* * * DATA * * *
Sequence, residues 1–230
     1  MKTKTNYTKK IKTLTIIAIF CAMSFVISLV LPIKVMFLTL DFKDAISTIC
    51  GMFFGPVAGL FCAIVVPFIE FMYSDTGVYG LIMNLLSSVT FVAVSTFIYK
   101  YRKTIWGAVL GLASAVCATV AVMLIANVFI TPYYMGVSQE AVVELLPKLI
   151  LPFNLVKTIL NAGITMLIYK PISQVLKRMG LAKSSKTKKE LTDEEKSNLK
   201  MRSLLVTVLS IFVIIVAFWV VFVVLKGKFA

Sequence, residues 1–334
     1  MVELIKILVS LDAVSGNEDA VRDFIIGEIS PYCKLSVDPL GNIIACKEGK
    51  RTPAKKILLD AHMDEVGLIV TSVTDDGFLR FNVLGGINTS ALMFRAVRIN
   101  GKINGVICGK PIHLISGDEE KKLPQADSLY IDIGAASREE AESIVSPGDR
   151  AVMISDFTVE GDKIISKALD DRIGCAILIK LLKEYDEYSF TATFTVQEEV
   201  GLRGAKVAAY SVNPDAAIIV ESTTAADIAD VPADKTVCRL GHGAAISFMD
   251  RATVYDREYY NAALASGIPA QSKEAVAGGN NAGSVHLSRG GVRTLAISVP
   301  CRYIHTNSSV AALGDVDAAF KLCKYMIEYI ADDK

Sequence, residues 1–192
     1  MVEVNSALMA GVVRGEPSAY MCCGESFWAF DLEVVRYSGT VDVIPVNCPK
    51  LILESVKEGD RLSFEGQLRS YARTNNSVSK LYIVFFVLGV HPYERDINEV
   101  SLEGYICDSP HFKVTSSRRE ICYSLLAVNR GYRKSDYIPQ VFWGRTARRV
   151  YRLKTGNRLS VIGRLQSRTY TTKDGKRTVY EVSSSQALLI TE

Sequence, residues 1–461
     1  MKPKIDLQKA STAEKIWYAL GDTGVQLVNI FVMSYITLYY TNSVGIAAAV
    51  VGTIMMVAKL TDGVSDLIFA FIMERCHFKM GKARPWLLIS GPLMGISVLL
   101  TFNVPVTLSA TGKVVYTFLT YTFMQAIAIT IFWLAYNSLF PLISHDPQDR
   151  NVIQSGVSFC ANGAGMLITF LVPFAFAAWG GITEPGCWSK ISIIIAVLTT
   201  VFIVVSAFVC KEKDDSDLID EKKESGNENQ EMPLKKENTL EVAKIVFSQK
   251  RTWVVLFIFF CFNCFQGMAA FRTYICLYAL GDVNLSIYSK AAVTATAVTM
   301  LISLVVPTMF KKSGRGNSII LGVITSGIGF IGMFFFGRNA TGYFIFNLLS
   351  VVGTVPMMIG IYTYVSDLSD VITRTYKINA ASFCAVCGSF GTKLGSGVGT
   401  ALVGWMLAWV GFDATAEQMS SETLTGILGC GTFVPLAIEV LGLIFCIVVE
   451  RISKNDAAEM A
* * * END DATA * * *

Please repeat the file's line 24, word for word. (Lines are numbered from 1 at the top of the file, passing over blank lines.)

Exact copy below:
   151  NVIQSGVSFC ANGAGMLITF LVPFAFAAWG GITEPGCWSK ISIIIAVLTT